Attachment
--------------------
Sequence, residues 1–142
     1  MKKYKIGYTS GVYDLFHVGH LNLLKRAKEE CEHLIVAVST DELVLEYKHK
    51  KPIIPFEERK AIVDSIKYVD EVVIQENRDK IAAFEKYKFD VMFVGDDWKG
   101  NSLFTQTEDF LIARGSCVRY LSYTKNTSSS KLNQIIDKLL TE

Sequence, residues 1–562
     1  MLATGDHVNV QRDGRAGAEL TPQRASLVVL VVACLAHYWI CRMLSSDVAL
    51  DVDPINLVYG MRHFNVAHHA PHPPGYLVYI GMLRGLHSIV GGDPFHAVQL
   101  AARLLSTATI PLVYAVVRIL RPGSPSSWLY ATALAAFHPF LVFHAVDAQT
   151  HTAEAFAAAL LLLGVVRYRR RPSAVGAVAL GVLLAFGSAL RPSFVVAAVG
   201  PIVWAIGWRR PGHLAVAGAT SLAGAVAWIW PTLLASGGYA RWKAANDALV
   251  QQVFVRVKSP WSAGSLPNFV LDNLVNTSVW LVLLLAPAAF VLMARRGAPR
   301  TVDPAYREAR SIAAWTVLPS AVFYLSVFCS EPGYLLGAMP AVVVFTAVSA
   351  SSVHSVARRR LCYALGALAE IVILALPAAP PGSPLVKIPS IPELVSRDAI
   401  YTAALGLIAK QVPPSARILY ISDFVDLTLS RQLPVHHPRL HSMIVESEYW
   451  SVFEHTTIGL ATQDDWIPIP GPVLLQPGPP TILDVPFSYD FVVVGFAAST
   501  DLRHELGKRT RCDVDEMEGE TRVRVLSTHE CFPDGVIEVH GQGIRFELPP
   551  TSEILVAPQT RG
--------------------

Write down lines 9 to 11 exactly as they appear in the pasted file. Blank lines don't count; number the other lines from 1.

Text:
   151  HTAEAFAAAL LLLGVVRYRR RPSAVGAVAL GVLLAFGSAL RPSFVVAAVG
   201  PIVWAIGWRR PGHLAVAGAT SLAGAVAWIW PTLLASGGYA RWKAANDALV
   251  QQVFVRVKSP WSAGSLPNFV LDNLVNTSVW LVLLLAPAAF VLMARRGAPR